She closes her eyes, and the images come back. Children, their arms and legs like sticks, pulling at her as she walked, begging for a coin or a bit of food.
Her husband's aunt, dying of breast cancer, bent with pain because there is no medicine.
Cars abandoned on the road, with no parts to fix them. Children playing in sewage in the street.
It has been 10 years since the Persian Gulf War. Ten years since the first bombs dropped, 10 years into an embargo of food, goods and medicine that was supposed to spur an uprising against Saddam Hussein. Ten years after, this is life in Baghdad.
Rose Marie Chadwick was not ready for it. She's from a small town in Maine. She went to college in Boston and became a social worker. Four years ago, she met a doctor -- a native Iraqi living in Amherst. Soon after, they married. Love opens new worlds -- emotional and, for her, geographic.
In May, she and her husband visited his parents in Baghdad. She is in her 40s, intelligent and not naive. Yet her eyes were opened.
Her husband's parents once lived well. Now they barely live.
Their stove and refrigerator, once signs of prosperity, are ornaments, mocking reminders of a lost past. Long broken, with no parts to fix them. They have a gas-fueled hot plate, but no matches to start it. As a gift, Chadwick bought them a hand-held spark-starter.
The U.S.-led embargo has partly done what it was supposed to: make the Iraqi people suffer. The U.N. says more than a million Iraqis have died because of the sanctions, half of them children.
They were supposed to rise up against Saddam, take out their agony on the tyrant. There has been no uprising. Just pain.
"Diarrhea or dehydration is a death sentence for these kids," said Chadwick. "They're dying from things that are clearly treatable."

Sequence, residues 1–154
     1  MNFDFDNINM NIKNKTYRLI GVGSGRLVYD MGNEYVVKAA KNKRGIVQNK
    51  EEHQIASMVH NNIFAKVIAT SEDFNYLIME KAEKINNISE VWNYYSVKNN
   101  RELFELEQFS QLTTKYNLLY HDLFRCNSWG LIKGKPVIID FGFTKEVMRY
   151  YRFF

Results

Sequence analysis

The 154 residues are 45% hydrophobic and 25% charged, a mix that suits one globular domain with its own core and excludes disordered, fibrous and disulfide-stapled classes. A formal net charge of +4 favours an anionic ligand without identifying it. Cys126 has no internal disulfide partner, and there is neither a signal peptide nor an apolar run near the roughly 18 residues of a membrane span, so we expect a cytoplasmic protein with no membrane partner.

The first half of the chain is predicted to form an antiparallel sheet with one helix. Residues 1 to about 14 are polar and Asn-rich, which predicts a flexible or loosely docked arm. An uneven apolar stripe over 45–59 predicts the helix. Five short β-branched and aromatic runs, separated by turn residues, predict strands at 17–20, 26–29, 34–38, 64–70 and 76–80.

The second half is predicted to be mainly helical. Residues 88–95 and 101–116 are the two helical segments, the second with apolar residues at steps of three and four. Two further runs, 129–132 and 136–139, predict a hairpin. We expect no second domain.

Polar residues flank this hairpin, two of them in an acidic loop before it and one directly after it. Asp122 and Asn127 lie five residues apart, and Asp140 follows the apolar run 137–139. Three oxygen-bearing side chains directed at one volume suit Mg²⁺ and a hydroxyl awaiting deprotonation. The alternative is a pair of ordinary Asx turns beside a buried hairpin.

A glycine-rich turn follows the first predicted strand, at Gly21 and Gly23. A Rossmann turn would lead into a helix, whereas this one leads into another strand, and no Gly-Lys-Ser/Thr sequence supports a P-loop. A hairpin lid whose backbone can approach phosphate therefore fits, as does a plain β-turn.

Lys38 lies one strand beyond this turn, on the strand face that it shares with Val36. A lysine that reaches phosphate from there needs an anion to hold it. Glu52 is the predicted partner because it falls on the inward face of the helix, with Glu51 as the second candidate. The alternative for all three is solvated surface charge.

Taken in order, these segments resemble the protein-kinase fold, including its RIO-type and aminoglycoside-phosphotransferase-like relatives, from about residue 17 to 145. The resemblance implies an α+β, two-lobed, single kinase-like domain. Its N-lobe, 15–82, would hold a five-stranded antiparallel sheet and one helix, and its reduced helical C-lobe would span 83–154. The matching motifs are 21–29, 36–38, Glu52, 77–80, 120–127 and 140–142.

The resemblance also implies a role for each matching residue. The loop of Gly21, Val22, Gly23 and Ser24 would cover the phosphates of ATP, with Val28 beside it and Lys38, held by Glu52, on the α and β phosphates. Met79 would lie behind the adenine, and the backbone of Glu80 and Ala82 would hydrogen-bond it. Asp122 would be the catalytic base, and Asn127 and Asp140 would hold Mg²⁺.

Mothers and children beg for food. Chadwick remembers giving a sandwich she was eating on the street to a woman.
"She ate it right there, very fast," she said. "She was literally starving."
Continued bombing of water treatment plants leaves sewage in the streets. The drinking water is bad. There is an hour a day of electricity, in a city of 120-degree heat. There are no electric fans, no air conditioning. It's worse in the countryside.
U.S. officials say it's not our fault. Iraq is allowed to sell oil for food. Saddam isn't using the money to help his people.
That's partly true. Saddam and his family live in what Chadwick calls "castles," walled off from the people. But most of Iraq's oil money pays off war debts. Before the war, before sanctions, Saddam ruled a country the envy of the Arab world: good schools, plenty of doctors and hospitals, an educated class.
The war, embargo and continued bombing turned Iraq into another Mexico. Children have no books for school, no paper to write on, no pencils to write with.
Aside from stories marking the war's 10th anniversary, the American media have largely ignored the suffering.
What struck Chadwick was the deadness in many eyes. Twenty-three million Iraqis are caught in a political vise, crushed between a tyrant and a superpower.
"People are down to survival skills," said Chadwick. "There's a hopelessness I wasn't prepared for."
Yet we expect them to overthrow a military dictator. It's ridiculous. They barely have food. Anyone standing on a street corner calling for revolution would, said Chadwick, "be dead before they finished the sentence."
There have been protests the past few weeks in many American cities against the embargo. The U.N.'s former assistant secretary general, Denis Halliday, called the sanctions "genocidal." Other countries have backed off. But our new president inherits his father's war and, in Dick Cheney and Colin Powell, the men who led it. Powell recently said he would "re-energize" the sanctions.
Visiting Iraq made Chadwick wonder about the America she thought she knew.
"We were the country that cared about moral rights," said Chadwick. "Now I feel we're hypocrites. We wouldn't be able to justify what we're doing if people really knew what's going on."
For us, the war is long over. In Iraq, a half-million children are dead. A half-million reasons for us to look in the mirror.